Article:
Local Journalism Initiative Reporter
Hidden alongside the shelves at the Medicine Hat Public Library, visitors may be surprised to find an unexpected resource in an on-staff social worker.
Tiersa Dowler is nearing her one-year anniversary at the Medicine Hat Public Library, where she spends her days speaking with people in need of assistance navigating resources available to them, from government programming to support with resumes or their mental health.
“Like, where typical agencies you might see, for example, Bridges sees families and, and people with young children, and they see the whole lifespan, but you might think that if you have a certain issue, you can’t go there,” said Dowler. “The library sees people from everywhere. Nobody knows why you would go into a library. Well, we know why people go into libraries. But nobody can identify that you’re going to get help for this. So it’s really not a stigmatized location. And so I get to meet people who are from zero to 99, who maybe don’t need a social worker, case manager, but just need a touch point of, hey, I’m filling out these forms, how do I do it. So it’s really accessible.”
Dowler refers to herself as being a “jack of all trades,” and said that she often begins her day by greeting everyone in the library when she doesn’t have appointments already waiting.
“It’s mostly first come first serve, or as I greet people, I see what’s going on and how I can help. It kind of ranges in there, but I’ve made some really good connections where someone who is experiencing homelessness comes in just to check in and have a friendly chat. Or maybe borrow my phone to call a family member to pick them up, or that they need a ride here. And then it kind of goes into just walking around the library and meeting up with people who, you know, just need a friendly face,” said Dowler.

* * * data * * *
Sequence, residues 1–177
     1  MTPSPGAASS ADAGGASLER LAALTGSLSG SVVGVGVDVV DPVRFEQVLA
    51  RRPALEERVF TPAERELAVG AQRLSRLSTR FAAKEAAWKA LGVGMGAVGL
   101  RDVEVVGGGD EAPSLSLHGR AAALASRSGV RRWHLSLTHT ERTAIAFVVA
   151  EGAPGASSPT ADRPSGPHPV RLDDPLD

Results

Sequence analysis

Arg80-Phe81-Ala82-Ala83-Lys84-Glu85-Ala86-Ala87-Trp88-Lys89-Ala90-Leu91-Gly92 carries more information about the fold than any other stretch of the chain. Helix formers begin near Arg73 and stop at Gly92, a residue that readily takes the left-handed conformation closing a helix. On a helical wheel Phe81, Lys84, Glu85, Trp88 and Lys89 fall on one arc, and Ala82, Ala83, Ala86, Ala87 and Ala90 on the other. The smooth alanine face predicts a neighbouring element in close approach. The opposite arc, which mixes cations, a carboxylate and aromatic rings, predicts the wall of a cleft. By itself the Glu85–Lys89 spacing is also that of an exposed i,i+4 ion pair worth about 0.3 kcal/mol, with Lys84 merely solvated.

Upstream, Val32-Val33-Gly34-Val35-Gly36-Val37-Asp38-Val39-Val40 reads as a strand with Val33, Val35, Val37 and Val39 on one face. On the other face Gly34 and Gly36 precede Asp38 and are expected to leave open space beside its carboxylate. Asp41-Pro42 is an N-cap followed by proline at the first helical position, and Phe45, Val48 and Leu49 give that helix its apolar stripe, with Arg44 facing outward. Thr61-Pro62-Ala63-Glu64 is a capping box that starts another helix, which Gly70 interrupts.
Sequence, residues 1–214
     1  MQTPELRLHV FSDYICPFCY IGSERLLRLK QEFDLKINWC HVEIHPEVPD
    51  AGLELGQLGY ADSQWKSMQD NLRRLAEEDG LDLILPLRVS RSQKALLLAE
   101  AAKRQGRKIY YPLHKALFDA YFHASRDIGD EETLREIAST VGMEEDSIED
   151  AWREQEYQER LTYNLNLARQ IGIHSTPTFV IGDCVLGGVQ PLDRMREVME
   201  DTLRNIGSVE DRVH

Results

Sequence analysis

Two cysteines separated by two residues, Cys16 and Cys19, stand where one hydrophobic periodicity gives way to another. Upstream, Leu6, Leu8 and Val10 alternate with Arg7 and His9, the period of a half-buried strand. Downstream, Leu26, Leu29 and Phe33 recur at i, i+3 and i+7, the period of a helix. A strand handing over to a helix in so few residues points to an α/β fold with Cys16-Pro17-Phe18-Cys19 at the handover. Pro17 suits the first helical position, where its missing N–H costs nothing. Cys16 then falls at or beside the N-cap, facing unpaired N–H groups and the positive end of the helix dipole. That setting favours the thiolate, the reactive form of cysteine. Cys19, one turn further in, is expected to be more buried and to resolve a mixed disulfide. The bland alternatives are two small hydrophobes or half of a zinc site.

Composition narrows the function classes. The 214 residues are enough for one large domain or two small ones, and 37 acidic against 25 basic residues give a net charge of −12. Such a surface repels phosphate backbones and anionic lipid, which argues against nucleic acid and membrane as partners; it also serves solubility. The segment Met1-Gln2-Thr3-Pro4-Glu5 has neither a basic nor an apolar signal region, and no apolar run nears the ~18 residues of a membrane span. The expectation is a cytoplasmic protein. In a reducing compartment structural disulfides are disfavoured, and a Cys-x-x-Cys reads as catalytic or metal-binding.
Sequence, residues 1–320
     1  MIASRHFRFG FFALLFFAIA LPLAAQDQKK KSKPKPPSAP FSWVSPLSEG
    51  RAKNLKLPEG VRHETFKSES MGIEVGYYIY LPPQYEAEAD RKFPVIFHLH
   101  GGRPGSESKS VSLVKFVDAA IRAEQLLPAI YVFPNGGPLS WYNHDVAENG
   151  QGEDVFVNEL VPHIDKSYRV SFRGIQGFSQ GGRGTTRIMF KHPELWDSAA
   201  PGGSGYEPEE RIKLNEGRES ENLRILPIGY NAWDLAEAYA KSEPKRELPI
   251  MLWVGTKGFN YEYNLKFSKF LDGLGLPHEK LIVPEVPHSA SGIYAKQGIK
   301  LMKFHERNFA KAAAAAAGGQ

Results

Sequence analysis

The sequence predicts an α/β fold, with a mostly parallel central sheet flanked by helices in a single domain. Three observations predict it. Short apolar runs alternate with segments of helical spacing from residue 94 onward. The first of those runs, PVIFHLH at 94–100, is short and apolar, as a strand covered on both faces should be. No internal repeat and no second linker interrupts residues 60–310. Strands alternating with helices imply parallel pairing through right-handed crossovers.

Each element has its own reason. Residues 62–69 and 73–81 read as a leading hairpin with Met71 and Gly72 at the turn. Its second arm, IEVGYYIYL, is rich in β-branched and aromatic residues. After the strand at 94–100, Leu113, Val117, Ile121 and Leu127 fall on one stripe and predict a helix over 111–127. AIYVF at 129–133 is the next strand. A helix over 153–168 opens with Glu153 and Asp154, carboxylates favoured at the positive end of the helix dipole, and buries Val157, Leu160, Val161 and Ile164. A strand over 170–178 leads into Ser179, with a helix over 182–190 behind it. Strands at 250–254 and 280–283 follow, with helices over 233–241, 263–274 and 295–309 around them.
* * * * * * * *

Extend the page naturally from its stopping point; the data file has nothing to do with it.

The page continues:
Much of her work is helping people with various forms they may need help with, such as Survivor’s Pension following the death of a family member, or looking to fill out forms for Assured Income for the Severely Handicapped, or AISH, which Dowler notes can be quite daunting.
“I really come from that, you know, what, what isn’t working? What is working? Where can we go from there? So a lot of service access, a lot of navigating that. And navigating systems,” said Dowler. “I used to have snacks. I usually try and keep a few just for people who haven’t eaten for a few days for people who, who maybe just need a snack.”
While Dowler acknowledges there is a stigma surrounding needing help from social workers, she finds that she’s often quite busy, both with appointments and those just dropping in need of guidance, and some days require a sort of triage to determine who needs her immediate assistance and who can wait.
Even with this busy workload, Dowler remains positive and passionate about her work, however.
“I honestly love it. It keeps me on my toes constantly. And, you know, there’s people who come in, and I’m like, Oh, I know exactly what forms we need to upload, or how to fill it out. One of the biggest barriers I’ve had for a lot of people is that forms are super daunting. And figuring out services, navigating services is even harder, because there can be this thought process of like, well, somebody else needs it more, somebody else deserves it more. I tell people to take that out of their vocabulary,” said Dowler. “I don’t care what anybody else is doing. What’s going on for you? And how can we meet your needs?”